Pratik Dholabhai Headshot

Pratik Dholabhai

Assistant Professor
School of Physics and Astronomy
College of Science
Program Faculty, School of Chemistry and Materials Science

Office Location
Office Mailing Address
84 Lomb Memorial Drive, Rochester, NY 14623

Pratik Dholabhai

Assistant Professor
School of Physics and Astronomy
College of Science
Program Faculty, School of Chemistry and Materials Science


BS, MS, Maharaja Sayajirao University of Baroda (India); MS, Ph.D., University of Texas at Arlington


Dr. Dholabhai received his B.S. in Physics and M.S. in Nuclear Physics from Maharaja Sayajirao University of Baroda (India), and his M.S. in Physics and Ph.D. in Physics & Applied Physics from University of Texas at Arlington. After completing graduate studies, he worked at Arizona State University (2.5 years), Brookhaven National Laboratory (2 years), Los Alamos National Laboratory (4 years), and University of Colorado Boulder (6 months) before joining the School of Physics and Astronomy in Fall 2017.

Research area: Computational Condensed Matter Physics, Computational Materials Science, Materials Chemistry

Dr. Dholabhai's expertise is in the application of atomistic simulation methods such as density functional theory and molecular dynamics, and the development of kinetic Monte Carlo methods to study and design diverse materials. His research focuses on integrating fundamental physics, materials science, and chemistry in conjunction with state-of-the-art computational tools to investigate materials for wide range of applications. He leverages fundamentally different, yet complementary atomistic simulation methods to elucidate the underlying mechanisms that control the properties of materials, and lead to nanoscale materials design. His recent work entails the study of basic structure-property relationships at heterointerfaces, grain boundaries, surfaces, and solids of complex ceramic oxides, which have important applications in next-generation energy technologies such as fuel cells, batteries, catalysis, nuclear materials, etc. A vital aspect of his work is to comprehend the thermodynamics and kinetics of defects, and their interaction with structural anomalies.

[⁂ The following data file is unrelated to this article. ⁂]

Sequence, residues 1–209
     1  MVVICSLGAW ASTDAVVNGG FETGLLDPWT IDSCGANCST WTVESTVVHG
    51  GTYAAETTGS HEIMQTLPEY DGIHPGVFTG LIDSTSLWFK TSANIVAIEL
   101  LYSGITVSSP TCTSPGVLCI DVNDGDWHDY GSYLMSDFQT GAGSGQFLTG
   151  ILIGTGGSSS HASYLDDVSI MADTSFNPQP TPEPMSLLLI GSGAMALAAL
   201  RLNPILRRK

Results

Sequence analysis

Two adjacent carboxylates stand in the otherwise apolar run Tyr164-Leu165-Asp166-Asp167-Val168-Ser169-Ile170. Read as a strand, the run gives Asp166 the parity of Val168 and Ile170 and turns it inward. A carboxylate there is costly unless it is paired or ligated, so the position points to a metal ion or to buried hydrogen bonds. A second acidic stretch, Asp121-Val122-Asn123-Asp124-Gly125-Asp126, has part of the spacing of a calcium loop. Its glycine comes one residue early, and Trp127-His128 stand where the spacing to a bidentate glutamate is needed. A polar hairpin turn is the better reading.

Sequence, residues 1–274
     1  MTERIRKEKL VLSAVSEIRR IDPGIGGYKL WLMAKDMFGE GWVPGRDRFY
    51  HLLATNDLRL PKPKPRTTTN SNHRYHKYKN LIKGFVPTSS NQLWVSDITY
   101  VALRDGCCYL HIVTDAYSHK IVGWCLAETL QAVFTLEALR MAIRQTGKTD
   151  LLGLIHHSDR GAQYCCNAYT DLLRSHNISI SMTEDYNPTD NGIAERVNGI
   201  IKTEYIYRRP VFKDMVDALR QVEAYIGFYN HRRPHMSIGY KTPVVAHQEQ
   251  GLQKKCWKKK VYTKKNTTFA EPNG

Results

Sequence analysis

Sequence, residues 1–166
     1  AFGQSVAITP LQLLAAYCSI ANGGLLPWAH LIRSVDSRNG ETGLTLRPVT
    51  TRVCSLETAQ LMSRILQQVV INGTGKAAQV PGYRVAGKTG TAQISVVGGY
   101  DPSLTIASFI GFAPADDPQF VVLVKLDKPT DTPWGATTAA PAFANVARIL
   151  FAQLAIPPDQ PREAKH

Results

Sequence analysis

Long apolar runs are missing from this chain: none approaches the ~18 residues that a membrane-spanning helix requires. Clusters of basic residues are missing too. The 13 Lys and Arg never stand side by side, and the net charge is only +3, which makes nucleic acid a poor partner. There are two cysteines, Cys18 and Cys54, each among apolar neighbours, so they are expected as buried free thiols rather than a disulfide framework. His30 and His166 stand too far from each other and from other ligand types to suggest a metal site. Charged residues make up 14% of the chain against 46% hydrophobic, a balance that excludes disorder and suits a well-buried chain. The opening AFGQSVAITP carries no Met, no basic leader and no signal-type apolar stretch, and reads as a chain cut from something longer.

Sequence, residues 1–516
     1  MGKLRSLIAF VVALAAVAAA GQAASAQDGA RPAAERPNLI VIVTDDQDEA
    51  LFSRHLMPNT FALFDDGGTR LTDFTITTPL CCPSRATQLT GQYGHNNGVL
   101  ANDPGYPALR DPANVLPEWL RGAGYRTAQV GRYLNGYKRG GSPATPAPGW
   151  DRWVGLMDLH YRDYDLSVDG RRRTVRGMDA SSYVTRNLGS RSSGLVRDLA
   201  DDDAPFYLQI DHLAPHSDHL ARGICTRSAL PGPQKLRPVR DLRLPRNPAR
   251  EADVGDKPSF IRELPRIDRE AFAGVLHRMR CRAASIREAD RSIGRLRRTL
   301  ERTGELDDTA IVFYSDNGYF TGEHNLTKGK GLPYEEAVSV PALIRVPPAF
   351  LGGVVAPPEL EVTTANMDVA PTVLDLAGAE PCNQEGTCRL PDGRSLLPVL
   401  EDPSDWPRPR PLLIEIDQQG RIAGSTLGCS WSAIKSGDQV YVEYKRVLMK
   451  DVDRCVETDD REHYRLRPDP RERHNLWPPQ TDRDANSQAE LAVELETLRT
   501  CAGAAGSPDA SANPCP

Currently Teaching

1 - 9 Credits
Dissertation research by the candidate for an appropriate topic as arranged between the candidate and the research advisor.
1 - 4 Credits
This course is a faculty-directed tutorial of appropriate topics that are not part of the formal curriculum. The level of study is appropriate for a masters-level student.
4 Credits
This is a course in calculus-based physics for science and engineering majors. Topics include kinematics, planar motion, Newton's Laws, gravitation, work and energy, momentum and impulse, conservation laws, systems of particles, rotational motion, static equilibrium, mechanical oscillations and waves, and data presentation/analysis. The course is taught in a workshop format that integrates the material traditionally found in separate lecture and laboratory courses.
3 Credits
This course is an introduction to the principles of classical thermodynamics and its statistical basis, including: equations of state, the first and second laws of thermodynamics, microscopic basis of entropy, temperature and thermal equilibrium, thermodynamic potentials, applications of thermodynamics, kinetic theory of gases, and Boltzmann and quantum statistics.